نگاه تازه در سود و زیان برنامه باران اسیدی آمریکا
|کد مقاله||سال انتشار||مقاله انگلیسی||ترجمه فارسی||تعداد کلمات|
|6671||2005||15 صفحه PDF||سفارش دهید||محاسبه نشده|
Publisher : Elsevier - Science Direct (الزویر - ساینس دایرکت)
Journal : Journal of Environmental Management, Volume 77, Issue 3, November 2005, Pages 252–266
The US Acid Rain Program (Title IV of the 1990 Clean Air Act Amendments) has achieved substantial reductions in emissions of sulfur dioxide (SO2) and nitrogen oxides (NOx) from power plants in the United States. We compare new estimates of the benefits and costs of Title IV to those made in 1990. Important changes in our understanding of and ability to quantify the benefits of Title IV have occurred. Benefits to human health now take a much higher profile because the contribution of SO2 and NOx emissions to the formation of fine particulate (PM2.5) is substantial, and evidence of the harmful human health effects of PM2.5 has emerged in the last 15 years. New estimates of the health benefits of PM2.5 reductions are the largest category of quantified health and environmental benefits and total over US$100 billion annually for 2010 when the program is expected to be fully implemented. Although important uncertainties exist in any specific estimate of the benefits, even if the estimates were calculated using more limiting assumptions and interpretations of the literature they would still substantially exceed the costs. Estimates of annualized costs for 2010 are about US$3 billion, which is less than half of what was estimated in 1990. Research since 1990 also suggests that environmental problems associated with acid deposition and nitrogen deposition are more challenging to resolve than originally thought and will require larger reductions in emissions to reverse. The greater than expected benefits to human health, the greater vulnerability of natural resources and ecosystems, and the lower than expected costs all point to the conclusion that further reductions in SO2 and NOx emissions from power plants beyond those currently required by Title IV are warranted.
Title IV of the 1990 Clean Air Act Amendments (CAAA), also known as the Acid Rain Program, has achieved substantial reductions in US electric power industry emissions of sulfur dioxide (SO2) and nitrogen oxides (NOx) at lower costs than originally predicted. New estimates of the human health and environmental benefits of Title IV are calculated and contrasted with the US Environmental Protection Agency's (US EPA's) most recent estimates of the costs of Title IV. The benefits are estimated using the US EPA's most recent projections of emissions of SO2 and NOx from power plants in 2010, after Title IV is fully implemented, in comparison to projections of what emissions would have been in 2010 without the Title IV regulations. Congress passed Title IV of the 1990 CAAA to reduce emissions of SO2 and NOx from fossil fuel-fired power plants. The SO2 program is a departure from previous regulatory approaches because it sets an overall emissions cap and allows trading of emissions allowances between facilities, thereby creating flexibility for the regulated entities to find the lowest cost approach to reducing total emissions. The permanent cap on total annual SO2 emissions to be reached in 2010 is 8.95 million tons, which is about half the amount emitted by power plants in 1980. The Title IV NOx provisions are emission rate limits based on available control technologies. NOx emissions from power plants are also being reduced by Title I, under which the National Ambient Air Quality Standards (NAAQS) are implemented. Since proposals to reduce power plant emissions beyond the Title IV requirements are under consideration by the Administration and by Congress, it is timely to reassess what Title IV has accomplished.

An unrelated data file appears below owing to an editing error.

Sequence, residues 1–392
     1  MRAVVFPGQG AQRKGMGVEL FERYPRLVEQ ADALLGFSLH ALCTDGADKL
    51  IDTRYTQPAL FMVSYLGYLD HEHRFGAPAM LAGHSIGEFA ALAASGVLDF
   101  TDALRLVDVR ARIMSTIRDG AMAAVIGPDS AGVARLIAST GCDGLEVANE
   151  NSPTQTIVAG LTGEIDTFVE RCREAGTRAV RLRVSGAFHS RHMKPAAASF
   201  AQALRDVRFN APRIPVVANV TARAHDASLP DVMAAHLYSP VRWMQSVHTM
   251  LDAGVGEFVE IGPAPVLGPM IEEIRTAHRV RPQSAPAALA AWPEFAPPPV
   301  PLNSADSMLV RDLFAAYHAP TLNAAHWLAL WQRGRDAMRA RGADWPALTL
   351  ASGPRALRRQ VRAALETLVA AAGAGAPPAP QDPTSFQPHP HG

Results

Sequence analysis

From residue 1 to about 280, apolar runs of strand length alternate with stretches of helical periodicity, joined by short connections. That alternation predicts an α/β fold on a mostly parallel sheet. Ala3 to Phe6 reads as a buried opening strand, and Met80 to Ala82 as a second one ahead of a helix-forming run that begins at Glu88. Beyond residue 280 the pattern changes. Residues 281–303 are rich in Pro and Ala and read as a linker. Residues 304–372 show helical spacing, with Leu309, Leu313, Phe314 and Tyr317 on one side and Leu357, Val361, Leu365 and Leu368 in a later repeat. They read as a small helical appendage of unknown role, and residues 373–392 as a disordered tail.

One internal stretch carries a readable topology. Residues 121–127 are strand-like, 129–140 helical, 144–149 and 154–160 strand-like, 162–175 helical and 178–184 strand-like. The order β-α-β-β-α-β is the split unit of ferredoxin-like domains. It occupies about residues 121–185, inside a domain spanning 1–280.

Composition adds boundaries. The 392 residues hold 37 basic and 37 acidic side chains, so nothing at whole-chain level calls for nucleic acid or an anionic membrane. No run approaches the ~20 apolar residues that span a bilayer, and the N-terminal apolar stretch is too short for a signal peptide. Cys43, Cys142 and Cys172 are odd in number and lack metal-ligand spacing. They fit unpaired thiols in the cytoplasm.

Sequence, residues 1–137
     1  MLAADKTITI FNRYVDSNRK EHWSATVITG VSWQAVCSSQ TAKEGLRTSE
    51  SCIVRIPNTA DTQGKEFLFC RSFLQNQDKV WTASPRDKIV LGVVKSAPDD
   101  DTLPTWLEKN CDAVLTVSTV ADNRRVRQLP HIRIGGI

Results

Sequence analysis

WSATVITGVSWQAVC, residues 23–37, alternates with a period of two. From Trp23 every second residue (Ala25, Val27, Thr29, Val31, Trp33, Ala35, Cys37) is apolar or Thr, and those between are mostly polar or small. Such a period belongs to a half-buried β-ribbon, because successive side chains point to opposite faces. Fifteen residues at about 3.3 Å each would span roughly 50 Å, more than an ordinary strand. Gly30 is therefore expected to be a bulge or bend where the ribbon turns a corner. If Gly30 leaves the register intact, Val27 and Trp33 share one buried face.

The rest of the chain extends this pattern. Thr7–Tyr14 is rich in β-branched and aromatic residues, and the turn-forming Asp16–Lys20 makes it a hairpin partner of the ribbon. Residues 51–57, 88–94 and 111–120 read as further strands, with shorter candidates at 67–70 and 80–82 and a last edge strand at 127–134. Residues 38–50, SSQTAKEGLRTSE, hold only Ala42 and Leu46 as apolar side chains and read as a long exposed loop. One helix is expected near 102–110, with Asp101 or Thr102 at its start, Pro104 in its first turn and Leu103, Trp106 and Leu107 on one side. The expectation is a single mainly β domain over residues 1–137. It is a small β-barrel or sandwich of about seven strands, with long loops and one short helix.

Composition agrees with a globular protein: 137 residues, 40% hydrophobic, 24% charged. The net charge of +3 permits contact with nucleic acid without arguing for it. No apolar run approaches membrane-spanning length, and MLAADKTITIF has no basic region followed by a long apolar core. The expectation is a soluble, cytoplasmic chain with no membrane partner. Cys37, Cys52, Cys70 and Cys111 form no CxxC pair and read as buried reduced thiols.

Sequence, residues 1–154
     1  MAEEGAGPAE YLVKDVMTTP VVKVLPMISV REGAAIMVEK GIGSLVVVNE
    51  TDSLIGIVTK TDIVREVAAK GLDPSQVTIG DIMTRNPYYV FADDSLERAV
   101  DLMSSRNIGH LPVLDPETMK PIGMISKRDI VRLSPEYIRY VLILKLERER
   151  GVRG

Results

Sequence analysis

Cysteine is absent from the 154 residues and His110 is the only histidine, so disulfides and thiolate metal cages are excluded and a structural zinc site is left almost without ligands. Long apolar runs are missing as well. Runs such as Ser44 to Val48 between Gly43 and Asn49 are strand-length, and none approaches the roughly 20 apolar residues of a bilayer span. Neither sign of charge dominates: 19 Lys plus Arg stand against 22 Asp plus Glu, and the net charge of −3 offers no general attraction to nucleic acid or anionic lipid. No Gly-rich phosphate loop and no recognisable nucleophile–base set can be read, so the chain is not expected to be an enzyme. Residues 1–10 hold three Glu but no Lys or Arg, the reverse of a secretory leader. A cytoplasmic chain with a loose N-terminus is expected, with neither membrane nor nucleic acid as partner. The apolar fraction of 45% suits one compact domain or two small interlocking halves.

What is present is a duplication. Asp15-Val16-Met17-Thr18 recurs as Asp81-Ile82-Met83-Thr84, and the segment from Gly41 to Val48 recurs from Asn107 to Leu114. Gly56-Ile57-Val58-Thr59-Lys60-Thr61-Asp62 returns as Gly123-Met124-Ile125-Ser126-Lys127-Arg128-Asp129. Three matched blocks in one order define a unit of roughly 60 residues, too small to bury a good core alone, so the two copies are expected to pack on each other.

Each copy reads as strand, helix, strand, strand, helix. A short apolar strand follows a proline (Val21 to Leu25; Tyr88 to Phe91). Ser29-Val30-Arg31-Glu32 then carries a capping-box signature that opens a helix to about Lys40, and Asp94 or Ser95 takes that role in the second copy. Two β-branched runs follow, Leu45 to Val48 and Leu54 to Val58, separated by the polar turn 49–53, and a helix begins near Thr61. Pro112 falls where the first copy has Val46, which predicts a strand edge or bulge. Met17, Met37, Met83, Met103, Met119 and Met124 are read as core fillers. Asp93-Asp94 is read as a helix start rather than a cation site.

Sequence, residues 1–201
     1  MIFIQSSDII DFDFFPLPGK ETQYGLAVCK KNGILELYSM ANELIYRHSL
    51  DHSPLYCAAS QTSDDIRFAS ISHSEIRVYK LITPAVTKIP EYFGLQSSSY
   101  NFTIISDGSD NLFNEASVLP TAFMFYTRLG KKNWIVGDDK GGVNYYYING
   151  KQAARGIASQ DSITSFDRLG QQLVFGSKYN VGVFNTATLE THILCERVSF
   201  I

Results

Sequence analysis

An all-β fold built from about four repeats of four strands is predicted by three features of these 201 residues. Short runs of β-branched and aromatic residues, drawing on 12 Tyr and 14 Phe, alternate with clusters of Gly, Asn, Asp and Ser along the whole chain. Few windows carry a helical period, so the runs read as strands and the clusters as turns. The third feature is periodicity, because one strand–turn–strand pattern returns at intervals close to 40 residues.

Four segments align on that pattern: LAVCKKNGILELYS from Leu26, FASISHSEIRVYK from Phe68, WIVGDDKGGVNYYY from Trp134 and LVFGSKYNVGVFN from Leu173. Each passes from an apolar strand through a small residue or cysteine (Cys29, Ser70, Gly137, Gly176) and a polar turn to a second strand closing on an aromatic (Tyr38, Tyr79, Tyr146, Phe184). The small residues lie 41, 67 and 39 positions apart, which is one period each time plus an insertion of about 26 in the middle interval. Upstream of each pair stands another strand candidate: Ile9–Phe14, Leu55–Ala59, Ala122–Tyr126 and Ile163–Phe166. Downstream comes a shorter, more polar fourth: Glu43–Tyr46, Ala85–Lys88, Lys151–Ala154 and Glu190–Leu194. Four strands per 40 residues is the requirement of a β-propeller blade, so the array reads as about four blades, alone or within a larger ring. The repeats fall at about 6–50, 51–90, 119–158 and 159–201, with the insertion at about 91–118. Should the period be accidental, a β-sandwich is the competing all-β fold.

نتیجه گیری انگلیسی
One of the most important uncertainties in the 1990 assessment concerned what emissions would have been by 2010 in the absence of the program. Some projections showed that other requirements of the Clean Air Act (primarily NSR) would have resulted in power plant emissions reductions as large as those required by Title IV by 2010 or soon thereafter. This might have happened if existing power plants gradually retired older equipment and installed new emissions control equipment, but the upgrading or retirement of the older power plants has been slower than the 1990 predictions. Thus US EPA's current estimates are that without Title IV, emissions through 2010 would have increased slightly from 1990 levels. Table 5 summarizes Title IV costs and benefits. Important changes in our understanding of and ability to quantify the benefits of Title IV have occurred since the 1990 assessment. Benefits to human health now take a much higher profile because the contribution of SO2 and NOx emissions to the formation of PM2.5 is substantial, and evidence of the harmful human health effects of PM2.5 has emerged in the last 15 years. The central estimates of quantified benefits exceed costs by two orders of magnitude. Although important uncertainties exist in any specific estimate of the benefits, even if the estimates were calculated using more limiting assumptions and interpretations of the literature they still would substantially exceed the costs.